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The murder was my test of manhood!

I grew up in a military family and was educated in a police academy in Russia. When I was 17 my family immigrated to Israel, which did not turn out well. I met my then wife in Russia and she came here with me.

Here, I joined the military.

When I joined, I was examined by a psychiatrist. Since I didn’t speak good Hebrew at the time the examination was conducted with a translator. Later I was discharged from the military on grounds of mental health, with no one following up on my mental state.

My brother went through the same process, being diagnosed and released from the army for distinct reasons of mental health. Despite this, he was employed as a security guard and carried a weapon for four or five years, even after his employers learned what I had done: I shot my former wife.

My mental state after our divorce was bad. I felt that I was losing the game of manhood. The break-up of my marriage felt like a public defeat, visible to all, including my family. This was the case even though I had struggled during our marriage and agreed to the divorce. But being a man meant being violent.

The lethal incident took place a few weeks after I completed my training as a security guard and received a gun. I arrived at my ex-wife’s apartment and created the situation. I lied to my ex that I had heart disease but she, who specialized in biology, didn’t believe me and a conflict ensued at the end of which I drew the gun and shot.

A couple of friends of ours were there, they were probably called in to calm things down, and at some point they left the apartment. I got angry and shot towards the closed door with the result that I killed my good friend with 9 shots. He died immediately. A ricocheting bullet hit my ex in the chest. Once I understood what I had done I pointed the gun at my cheek at a 90 degree angle and shot myself in a failed suicide attempt.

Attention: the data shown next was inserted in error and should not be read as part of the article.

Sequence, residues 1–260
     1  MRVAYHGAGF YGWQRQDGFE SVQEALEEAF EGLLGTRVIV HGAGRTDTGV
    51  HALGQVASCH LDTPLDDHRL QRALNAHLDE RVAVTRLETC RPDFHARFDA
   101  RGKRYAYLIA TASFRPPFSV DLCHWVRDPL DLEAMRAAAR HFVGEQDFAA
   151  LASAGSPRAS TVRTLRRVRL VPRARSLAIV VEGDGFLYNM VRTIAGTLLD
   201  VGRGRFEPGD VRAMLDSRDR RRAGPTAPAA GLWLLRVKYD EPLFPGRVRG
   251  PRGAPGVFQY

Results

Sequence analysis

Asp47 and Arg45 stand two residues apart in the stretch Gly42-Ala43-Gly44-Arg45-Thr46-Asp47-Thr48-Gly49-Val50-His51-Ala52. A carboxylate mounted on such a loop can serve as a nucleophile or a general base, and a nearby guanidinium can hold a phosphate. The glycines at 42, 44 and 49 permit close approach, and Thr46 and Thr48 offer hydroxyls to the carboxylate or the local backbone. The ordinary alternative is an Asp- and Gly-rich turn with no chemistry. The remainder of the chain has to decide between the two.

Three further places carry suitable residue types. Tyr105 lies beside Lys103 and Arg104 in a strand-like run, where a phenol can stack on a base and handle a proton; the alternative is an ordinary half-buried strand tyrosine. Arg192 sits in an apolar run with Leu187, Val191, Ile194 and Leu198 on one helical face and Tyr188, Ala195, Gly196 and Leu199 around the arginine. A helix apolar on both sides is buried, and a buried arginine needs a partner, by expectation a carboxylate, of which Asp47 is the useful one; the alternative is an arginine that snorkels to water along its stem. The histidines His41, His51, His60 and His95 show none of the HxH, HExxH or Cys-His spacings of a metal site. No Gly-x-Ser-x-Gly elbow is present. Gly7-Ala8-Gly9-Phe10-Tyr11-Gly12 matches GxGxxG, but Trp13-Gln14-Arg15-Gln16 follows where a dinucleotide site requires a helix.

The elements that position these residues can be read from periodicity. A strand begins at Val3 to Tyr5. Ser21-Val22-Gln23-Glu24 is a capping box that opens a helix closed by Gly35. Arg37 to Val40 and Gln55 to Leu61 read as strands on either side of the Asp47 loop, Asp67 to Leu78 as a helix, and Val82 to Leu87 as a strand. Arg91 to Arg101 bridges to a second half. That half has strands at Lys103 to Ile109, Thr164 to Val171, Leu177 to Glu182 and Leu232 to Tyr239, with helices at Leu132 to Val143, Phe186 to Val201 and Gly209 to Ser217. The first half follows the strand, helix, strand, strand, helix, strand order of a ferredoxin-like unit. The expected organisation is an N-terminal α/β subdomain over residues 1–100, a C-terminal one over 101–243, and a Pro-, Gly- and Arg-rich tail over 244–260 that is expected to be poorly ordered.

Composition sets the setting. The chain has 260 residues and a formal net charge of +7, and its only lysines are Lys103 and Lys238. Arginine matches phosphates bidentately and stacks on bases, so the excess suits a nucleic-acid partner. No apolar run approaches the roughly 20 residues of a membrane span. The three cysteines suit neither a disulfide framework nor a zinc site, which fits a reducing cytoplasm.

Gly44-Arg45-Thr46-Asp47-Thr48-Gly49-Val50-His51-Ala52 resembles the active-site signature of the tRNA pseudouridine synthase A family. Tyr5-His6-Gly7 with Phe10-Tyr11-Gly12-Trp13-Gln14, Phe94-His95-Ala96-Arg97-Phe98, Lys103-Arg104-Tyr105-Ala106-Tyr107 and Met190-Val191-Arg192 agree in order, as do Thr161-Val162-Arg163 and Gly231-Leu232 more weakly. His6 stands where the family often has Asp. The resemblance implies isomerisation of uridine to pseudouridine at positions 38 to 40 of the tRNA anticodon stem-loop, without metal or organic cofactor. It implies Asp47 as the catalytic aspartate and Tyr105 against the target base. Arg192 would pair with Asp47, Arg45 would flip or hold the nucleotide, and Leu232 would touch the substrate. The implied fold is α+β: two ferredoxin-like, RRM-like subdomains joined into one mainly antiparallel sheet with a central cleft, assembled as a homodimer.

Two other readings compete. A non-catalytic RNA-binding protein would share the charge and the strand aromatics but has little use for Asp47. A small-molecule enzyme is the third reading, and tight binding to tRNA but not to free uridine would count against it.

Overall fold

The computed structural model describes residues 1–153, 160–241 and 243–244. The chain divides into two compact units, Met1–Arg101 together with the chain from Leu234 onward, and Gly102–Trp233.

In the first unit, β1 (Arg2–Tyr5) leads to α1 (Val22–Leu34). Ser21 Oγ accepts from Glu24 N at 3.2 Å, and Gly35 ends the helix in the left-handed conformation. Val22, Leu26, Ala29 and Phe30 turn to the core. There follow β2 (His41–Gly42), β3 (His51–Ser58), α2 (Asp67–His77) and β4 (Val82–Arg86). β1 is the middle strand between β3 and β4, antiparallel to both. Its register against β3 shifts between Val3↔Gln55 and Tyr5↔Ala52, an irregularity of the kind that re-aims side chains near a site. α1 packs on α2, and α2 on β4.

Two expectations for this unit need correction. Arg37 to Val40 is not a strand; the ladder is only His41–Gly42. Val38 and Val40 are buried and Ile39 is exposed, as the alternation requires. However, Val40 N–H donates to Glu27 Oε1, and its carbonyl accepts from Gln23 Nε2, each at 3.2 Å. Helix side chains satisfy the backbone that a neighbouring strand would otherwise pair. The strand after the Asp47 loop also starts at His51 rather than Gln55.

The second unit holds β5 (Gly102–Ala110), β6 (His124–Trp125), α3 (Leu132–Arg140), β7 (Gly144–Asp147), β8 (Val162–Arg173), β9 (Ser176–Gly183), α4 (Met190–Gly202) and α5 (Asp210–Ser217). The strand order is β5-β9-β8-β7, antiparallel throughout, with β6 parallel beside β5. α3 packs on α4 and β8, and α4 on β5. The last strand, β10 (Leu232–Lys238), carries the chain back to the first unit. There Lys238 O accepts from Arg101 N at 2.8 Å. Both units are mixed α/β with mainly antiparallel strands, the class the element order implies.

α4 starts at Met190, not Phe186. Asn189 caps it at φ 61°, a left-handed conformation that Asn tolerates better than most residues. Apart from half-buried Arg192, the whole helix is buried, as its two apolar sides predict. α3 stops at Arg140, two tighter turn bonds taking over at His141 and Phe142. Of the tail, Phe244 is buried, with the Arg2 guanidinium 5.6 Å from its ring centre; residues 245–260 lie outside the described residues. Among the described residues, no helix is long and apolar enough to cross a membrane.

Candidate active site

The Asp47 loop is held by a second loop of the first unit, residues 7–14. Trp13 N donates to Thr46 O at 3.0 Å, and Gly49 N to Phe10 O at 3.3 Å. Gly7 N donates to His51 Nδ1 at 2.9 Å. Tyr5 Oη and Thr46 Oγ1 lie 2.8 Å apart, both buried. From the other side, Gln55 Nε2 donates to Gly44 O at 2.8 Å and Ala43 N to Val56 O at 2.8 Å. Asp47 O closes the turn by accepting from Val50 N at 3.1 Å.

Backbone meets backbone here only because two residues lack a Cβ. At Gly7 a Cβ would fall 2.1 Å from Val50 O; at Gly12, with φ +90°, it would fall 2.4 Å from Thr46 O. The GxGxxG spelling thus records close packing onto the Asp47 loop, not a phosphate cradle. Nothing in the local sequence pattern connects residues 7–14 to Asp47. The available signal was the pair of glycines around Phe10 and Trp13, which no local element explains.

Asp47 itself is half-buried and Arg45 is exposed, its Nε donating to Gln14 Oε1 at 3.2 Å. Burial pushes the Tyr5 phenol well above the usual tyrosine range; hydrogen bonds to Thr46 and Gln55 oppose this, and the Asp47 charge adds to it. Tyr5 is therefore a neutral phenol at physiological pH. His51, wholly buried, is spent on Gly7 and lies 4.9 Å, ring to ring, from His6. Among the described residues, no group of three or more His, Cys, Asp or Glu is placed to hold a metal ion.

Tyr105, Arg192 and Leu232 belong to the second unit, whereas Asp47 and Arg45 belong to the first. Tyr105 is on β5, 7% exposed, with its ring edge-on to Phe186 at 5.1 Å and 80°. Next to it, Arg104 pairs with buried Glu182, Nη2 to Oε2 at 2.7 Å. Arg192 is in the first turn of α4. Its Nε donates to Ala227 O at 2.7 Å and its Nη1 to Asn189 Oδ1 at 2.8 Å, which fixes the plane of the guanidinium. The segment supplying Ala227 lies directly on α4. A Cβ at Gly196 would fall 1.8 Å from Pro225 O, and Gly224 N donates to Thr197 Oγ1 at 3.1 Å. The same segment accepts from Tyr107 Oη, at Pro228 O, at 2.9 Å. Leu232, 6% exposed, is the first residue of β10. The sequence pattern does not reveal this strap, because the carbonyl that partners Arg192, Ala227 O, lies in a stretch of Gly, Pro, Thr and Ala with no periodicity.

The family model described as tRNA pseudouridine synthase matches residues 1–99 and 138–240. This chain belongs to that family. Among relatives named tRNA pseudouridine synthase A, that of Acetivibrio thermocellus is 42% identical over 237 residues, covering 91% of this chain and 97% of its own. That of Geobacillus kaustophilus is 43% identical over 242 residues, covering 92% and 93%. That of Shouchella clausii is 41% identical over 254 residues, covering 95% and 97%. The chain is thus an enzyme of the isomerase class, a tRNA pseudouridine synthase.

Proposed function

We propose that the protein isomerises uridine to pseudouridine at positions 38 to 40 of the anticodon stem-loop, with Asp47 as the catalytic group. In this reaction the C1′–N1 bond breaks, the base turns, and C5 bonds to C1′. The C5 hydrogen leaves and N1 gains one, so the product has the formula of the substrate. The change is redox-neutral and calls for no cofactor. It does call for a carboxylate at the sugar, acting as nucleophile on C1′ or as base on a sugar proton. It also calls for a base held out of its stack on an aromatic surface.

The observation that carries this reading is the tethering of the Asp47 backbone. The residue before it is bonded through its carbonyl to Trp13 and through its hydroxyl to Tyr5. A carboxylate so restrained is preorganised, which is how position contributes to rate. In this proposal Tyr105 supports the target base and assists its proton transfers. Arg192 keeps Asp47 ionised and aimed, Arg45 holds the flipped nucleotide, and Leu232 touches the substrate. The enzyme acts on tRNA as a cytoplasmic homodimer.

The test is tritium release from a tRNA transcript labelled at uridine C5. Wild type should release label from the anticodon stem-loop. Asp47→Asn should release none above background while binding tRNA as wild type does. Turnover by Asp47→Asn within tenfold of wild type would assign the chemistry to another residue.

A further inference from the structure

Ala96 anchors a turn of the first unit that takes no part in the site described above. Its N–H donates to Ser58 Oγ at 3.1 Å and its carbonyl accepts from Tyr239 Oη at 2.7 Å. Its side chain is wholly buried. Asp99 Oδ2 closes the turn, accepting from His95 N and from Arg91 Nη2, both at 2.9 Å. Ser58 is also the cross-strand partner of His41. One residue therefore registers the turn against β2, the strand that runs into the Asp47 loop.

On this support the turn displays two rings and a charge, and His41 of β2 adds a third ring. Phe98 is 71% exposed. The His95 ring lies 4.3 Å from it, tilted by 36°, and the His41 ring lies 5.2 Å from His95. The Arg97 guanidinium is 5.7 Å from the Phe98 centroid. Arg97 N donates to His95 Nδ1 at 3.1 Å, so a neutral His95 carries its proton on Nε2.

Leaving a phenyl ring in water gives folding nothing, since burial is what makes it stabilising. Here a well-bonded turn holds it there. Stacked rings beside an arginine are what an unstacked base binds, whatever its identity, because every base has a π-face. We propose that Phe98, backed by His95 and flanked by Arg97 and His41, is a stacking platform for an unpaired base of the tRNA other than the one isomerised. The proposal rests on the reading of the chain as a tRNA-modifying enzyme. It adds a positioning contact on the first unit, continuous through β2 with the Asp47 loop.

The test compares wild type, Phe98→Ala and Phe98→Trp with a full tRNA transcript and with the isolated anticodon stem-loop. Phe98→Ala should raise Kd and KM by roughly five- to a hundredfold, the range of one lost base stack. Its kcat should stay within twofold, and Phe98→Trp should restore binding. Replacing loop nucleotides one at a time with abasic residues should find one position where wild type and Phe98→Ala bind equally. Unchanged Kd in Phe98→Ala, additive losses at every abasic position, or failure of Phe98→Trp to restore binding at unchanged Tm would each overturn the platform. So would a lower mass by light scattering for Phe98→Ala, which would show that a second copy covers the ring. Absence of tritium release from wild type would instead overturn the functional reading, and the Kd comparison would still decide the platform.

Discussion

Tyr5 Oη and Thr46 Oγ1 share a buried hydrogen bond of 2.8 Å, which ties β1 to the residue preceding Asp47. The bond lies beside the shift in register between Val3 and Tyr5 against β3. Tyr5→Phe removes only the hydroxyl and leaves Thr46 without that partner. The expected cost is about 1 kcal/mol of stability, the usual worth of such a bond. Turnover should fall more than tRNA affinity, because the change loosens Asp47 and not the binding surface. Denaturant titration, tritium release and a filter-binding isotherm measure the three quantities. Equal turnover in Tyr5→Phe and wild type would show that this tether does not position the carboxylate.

On the day of the incident, a few hours before it occurred, I had quit my job claiming medical problems as my excuse. Despite my resignation and the known conflict with my ex, the gun was left in my possession. Previously, my direct supervisor, who knew of my personal issues, had turned to me and said “I know you’re not one of those men who shoot a woman and then kill themselves”!

Everybody knew the incident was coming. The writing was on the wall and I was in distress. I guess they didn’t want to endanger my employment and livelihood. At the security company where I was employed they knew I was going through a divorce and although the law was to leave the weapon in a safe at the workplace, the company directed us to take the weapons home and hide them (this after an error at the safe when a security guard left with two weapons, one of which he had forgotten in his backpack). They never checked whether we had safes at home and I didn’t have one.

Before the incident I worked at several security companies carrying a gun and never underwent a mental examination. Other companies did conduct such examinations. The irony is that I was determined to be healthy! I passed the examination I took successfully because the disease I suffer from is gender dysphoria, which is not a mental illness but an internal conflict between sex and gender identities.

Before the incident, in around 2005, I worked as a security guard in Israel and witnessed many cases where security guards were armed even when they spoke no Hebrew beyond, “Are you carrying a weapon?”; Or arrived drunk at work; Or drew a gun when a driver failed to pop open the trunk; Or had physical disabilities and lacked the appropriate physical fitness; Or passed the training sessions at the shooting range when they were unable to hit the mark and so forth.

Basically, what allowed the incident to take place was the accessibility of the gun. It was easier for me to shut the door and shoot through the door while turning my head so as not to see. I believe I would have never killed with a kitchen knife, for example. I’m afraid of blood. Six months before I had had a major argument with my ex and I didn’t hurt her. At the time, I wasn’t armed.

Today I know – the psychiatrists have told me – that I had serious mental problems in my complex relationship with my parents, and developed a guilt complex. In addition, violent people are manipulative and even if they undergo a social or psychiatric examination they can pass it, just as I passed the psychiatric examination at the security company. An in-depth examination would have revealed the mental issues I suffered from.

The murder was my test of manhood, of what everybody wanted me to be!



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